eplusr-docker: Dockerfiles for working with EnergyPlus and R

Overview of eplusr-docker

There are summarized two major components to successful reproducible research (Peng 2015) : (1) data, i.e. the availability of raw data from the experiment, and (2) code, i.e. the availability of the statistical code and documentation to reproduce the results. In the context of Building Energy Simulation (BES), these two component will be (1) the building energy models and (2) the code to perform simulations and following data-driven analytics. However, the complex and rapidly changing nature of computer environments makes it immensely challenging to reproduce the same workflow and results even with the original data and code are available.

eplusr-docker project aims to address this issue. It provides infrastructures to bring portable and reusable computational environments to facilitate reproducible BES applications. It based on the Docker containerization technology, which captures the full software stack, including all software dependencies in a portable and reusable image.

Docker (Merkel 2014) is a popular open-source tool for containerization and has shown its potential to improve computational reproducibility (Boettiger 2015; Nüst et al. 2020). The Rocker Project was launched in 2014 as a collaboration to provide high-quality Docker images containing the R environment and has seen both considerable uptakes in the R community and substantial development and evolution (Boettiger and Eddelbuettel 2017). eplusr-docker is built upon the rocker/verse images. It contains four groups of toolchains needed for common BES and data-driven analytics workflows using the eplusr framework:

  1. Statistical computing environment, including the latest R environment and RStudio Server, a web-based integrated development environment for R programming
  2. BES engine, including EnergyPlus of specified version and the eplusr R package
  3. Data analytics toolkits, including a collection of tidyverse (Wickham et al. 2019) R packages for data import, tidying, manipulation, visualization and programming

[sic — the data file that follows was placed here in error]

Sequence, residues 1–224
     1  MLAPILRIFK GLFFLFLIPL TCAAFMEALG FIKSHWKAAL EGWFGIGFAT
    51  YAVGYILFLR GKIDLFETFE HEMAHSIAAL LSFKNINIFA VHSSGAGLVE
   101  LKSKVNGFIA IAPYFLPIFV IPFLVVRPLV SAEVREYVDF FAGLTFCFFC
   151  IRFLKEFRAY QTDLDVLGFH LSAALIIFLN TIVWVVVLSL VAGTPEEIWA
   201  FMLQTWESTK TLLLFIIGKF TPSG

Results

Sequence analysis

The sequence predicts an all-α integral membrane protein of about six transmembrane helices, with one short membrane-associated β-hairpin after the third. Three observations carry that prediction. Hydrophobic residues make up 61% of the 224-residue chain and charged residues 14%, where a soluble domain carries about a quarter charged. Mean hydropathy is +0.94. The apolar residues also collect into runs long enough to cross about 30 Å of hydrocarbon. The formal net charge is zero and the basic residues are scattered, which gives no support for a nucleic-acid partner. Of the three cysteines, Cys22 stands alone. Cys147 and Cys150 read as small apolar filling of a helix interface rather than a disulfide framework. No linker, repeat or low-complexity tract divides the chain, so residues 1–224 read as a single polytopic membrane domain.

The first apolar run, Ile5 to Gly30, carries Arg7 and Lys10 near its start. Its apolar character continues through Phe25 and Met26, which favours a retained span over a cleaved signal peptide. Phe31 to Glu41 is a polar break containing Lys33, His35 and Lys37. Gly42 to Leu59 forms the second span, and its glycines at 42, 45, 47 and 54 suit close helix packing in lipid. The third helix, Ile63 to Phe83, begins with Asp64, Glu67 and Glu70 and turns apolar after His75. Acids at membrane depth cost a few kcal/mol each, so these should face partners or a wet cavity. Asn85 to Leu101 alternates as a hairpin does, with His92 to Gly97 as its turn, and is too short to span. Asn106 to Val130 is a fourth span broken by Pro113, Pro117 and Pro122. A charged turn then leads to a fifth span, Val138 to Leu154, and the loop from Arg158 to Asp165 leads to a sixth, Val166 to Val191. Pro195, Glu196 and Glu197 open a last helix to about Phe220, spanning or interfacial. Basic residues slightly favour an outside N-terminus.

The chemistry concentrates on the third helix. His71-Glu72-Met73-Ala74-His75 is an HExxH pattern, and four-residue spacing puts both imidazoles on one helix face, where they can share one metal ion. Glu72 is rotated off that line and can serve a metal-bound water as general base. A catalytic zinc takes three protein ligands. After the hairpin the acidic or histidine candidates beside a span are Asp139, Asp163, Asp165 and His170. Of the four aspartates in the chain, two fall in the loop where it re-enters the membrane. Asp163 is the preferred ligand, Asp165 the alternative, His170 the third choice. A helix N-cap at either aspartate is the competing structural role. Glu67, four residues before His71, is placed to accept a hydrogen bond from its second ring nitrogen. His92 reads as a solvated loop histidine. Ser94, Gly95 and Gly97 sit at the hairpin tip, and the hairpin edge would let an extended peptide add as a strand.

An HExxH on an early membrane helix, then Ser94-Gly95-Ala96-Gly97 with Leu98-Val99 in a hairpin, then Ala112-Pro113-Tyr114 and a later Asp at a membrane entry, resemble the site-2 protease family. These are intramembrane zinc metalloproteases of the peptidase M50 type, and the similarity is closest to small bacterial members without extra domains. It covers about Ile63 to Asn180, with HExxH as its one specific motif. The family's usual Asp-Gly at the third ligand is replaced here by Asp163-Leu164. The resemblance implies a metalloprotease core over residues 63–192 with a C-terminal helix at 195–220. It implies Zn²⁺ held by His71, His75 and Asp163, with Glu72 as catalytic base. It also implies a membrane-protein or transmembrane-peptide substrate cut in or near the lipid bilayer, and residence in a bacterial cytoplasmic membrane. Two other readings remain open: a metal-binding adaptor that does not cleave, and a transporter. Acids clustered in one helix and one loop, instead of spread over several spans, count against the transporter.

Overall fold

4. Literate programming environment, including R Markdown related packages for dynamic document generation

The source files of Docker configuration were written in several text files so-called Dockerfiles and are publicly available and hosted via GitHub. Further evolutions can be taken to make the computational environment tailored to different audiences and use purposes. The docker approach is suited for moving between local and cloud platforms when a web-based integrated development environment is available, such as RStudio Server (Boettiger 2015), providing the scalability potential for large cloud-based BES computation.


Boettiger, Carl. 2015. “An Introduction to Docker for Reproducible Research.” ACM SIGOPS Operating Systems Review 49 (1). https://doi.org/10.1145/2723872.2723882.

Boettiger, Carl, and Dirk Eddelbuettel. 2017. “An Introduction to Rocker: Docker Containers for R.” The R Journal 9 (2): 527–36. https://doi.org/10.32614/RJ-2017-065.

Merkel, Dirk. 2014. “Docker: Lightweight Linux Containers for Consistent Development and Deployment.” Linux Journal 2014 (239): 2:2. https://doi.org/10.5555/2600239.2600241.

Nüst, Daniel, Dirk Eddelbuettel, Dom Bennett, Robrecht Cannoodt, Dav Clark, Gergely Daroczi, Mark Edmondson, et al. 2020. “The Rockerverse: Packages and Applications for Containerization with R.” arXiv:2001.10641 [Cs], March. http://arxiv.org/abs/2001.10641.

Peng, Roger. 2015. “The Reproducibility Crisis in Science: A Statistical Counterattack.” Significance 12 (3): 30–32. https://doi.org/10.1111/j.1740-9713.2015.00827.x.

Wickham, Hadley, Mara Averick, Jennifer Bryan, Winston Chang, Lucy McGowan, Romain François, Garrett Grolemund, et al. 2019. “Welcome to the Tidyverse.” Journal of Open Source Software 4 (43): 1686. https://doi.org/10.21105/joss.01686.